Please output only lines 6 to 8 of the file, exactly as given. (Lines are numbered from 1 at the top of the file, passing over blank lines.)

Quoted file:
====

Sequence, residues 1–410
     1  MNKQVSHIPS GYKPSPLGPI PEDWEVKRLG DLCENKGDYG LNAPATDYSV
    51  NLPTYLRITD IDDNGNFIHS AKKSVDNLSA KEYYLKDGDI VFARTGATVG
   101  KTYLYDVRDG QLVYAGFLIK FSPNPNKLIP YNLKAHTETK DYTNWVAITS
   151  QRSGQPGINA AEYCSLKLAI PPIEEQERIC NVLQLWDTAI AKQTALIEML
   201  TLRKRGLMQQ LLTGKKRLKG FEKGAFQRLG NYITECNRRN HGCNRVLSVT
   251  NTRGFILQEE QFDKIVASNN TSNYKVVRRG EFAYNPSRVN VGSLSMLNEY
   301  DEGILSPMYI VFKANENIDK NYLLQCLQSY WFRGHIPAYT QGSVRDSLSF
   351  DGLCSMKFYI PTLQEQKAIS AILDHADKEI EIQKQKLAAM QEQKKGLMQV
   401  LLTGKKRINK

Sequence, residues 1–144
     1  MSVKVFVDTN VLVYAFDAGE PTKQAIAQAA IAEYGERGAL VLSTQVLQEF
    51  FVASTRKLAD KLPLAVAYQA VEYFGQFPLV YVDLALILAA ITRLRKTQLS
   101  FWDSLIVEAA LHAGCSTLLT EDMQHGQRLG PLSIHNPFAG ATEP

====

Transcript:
   201  TLRKRGLMQQ LLTGKKRLKG FEKGAFQRLG NYITECNRRN HGCNRVLSVT
   251  NTRGFILQEE QFDKIVASNN TSNYKVVRRG EFAYNPSRVN VGSLSMLNEY
   301  DEGILSPMYI VFKANENIDK NYLLQCLQSY WFRGHIPAYT QGSVRDSLSF